Eyes Wide Shut Review

Image for Eyes Wide Shut

Doctor Bill Hartford appears to have the perfect marriage with his wife Alice. When she admits that she has been tempted to cheat on him, he is left reeling from shock, and goes out into the Manhattan night where he meets strange characters and sees another side of life.


As an epilogue to the career of Stanley Kubrick, who died aged 70, within days of delivering the finished film, Eyes Wide Shut is just about perfect in that it is unmistakably, definitely Kubrickian. Some will take that 'correctly' to mean it is intellectually intent, fastidiously crafted, directorially commanding and endlessly intriguing. Others, just as correctly, can read that as maddeningly portentous, laborious and remote.

Be aware that the film has been poorly served by advance speculation (most of the widely reported plot titbits prove wrong) and the overexposure of the juicy Tom and Nicole snog clip, an outrageous bit of trailer foreplay unconsummated in the event and giving the entirely erroneous impression that this film is a non-stop bonkfest. Naturally audiences obligingly stampeded first showings in the USA. Just as naturally, the box office tailed off noticeably as soon as word got round that Cruise doesn't actually get his kit off (although Kidman does, often), in what is not so much an erotic drama as a psychological probing of marriage, desire, jealousy and sexual paranoia. Adapted from Arthur Schnitzler's heavy Dream Story, this is about the reality of sexual love versus its illusions.

William Harford (Cruise), is a successful Manhattan doctor with a swank apartment, wealthy, demanding patients (including Sydney Pollack), and a lovely wife and child. Wife Alice (Kidman) ran an art gallery that went broke, leaving her too much time to get tipsy at parties, high on recreational pot and petulantly confrontational about a marriage that looks pretty enviable to mortal couples.

Aggrieved at being taken for granted, she picks a fight with her confident, comfortable husband, dropping a bombshell that rattles his security and sends him off into the night. In his subsequent dreamlike odyssey, he encounters a patient's daughter with a sad fixation to confide, a jazz musician with a bizarre story to tell, a costume hire shop where absurd nastiness goes on behind the racks, a streetwalker with whom he is at a loss... All these things persuade Harford that everyone is having it off except him, while he's haunted by graphic images of his wife in flagrante.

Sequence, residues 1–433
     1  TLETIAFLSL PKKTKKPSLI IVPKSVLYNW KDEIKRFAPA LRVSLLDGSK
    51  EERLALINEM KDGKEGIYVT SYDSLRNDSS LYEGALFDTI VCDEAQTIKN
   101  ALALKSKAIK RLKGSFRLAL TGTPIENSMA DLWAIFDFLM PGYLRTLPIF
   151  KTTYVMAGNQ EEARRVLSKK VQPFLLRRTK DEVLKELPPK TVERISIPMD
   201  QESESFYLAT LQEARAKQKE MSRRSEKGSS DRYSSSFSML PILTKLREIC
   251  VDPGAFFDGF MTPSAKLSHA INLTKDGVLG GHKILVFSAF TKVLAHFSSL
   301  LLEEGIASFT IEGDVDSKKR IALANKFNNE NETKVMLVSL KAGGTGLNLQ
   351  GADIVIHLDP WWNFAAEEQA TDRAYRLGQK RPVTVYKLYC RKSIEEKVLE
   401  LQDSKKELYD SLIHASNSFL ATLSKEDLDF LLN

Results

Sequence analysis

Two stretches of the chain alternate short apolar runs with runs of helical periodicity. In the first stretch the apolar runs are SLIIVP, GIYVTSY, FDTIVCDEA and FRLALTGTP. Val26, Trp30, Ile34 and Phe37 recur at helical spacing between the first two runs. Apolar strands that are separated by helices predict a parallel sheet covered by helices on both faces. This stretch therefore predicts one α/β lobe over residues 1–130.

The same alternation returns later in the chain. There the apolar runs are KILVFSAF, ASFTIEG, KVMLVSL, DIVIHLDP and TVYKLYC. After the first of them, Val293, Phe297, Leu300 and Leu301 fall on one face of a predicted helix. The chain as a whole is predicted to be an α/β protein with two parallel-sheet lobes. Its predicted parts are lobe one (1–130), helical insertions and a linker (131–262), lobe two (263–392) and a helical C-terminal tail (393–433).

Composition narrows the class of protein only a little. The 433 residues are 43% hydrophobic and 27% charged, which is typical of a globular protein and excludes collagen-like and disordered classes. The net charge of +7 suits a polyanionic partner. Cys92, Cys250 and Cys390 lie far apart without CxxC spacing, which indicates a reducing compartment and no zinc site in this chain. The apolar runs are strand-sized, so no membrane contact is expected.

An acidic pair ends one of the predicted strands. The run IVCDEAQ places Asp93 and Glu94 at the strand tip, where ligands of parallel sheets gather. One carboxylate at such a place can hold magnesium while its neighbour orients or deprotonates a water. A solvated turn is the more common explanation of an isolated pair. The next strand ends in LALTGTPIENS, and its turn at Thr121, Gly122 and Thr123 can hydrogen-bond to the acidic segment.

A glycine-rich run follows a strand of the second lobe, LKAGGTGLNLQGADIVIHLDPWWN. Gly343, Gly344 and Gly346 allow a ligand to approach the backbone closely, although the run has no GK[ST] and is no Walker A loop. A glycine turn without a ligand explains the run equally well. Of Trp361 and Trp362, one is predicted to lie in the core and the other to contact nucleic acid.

The central set piece in his dissociative wanderings through this sinister world of secrets and sexual tension - where every location is ironically set off by a garish Christmas tree - is a mysterious, ritualistic gathering of masked swingers. The orgying (childishly 'digitally amended' in the USA to obscure close encounters of the pelvic kind) is explicit, but more theatrical than kinky, and in keeping with Schnitzler's perception of sexual adventure as a melancholy, hollow experience. The 'party' is both pretentiously bizarre and the single most striking sequence in the entire film, simultaneously evoking dream, pretence and illusion as remarkably vivid.

Cruise, as usual, has been grossly underestimated in the early American reviews, with honours going to Kidman, whose character's disaffection gives her the opportunity for some showy rants. But it is Cruise, who is in virtually every scene, who lends the film an essential humanity. His palpably wounded male pride, pain and vulnerable bewilderment keep you connected to what is otherwise, a cold, humourless, despairingly cynical (and thus typically Kubrickian) observation of human relationships.

While this is obviously a must-see for Kubrick acolytes, those with less lofty expectations should be prepared for an overblown effort, imbued with Kubrick's uncomfortable personal vision conveyed with distinctive and stunning style.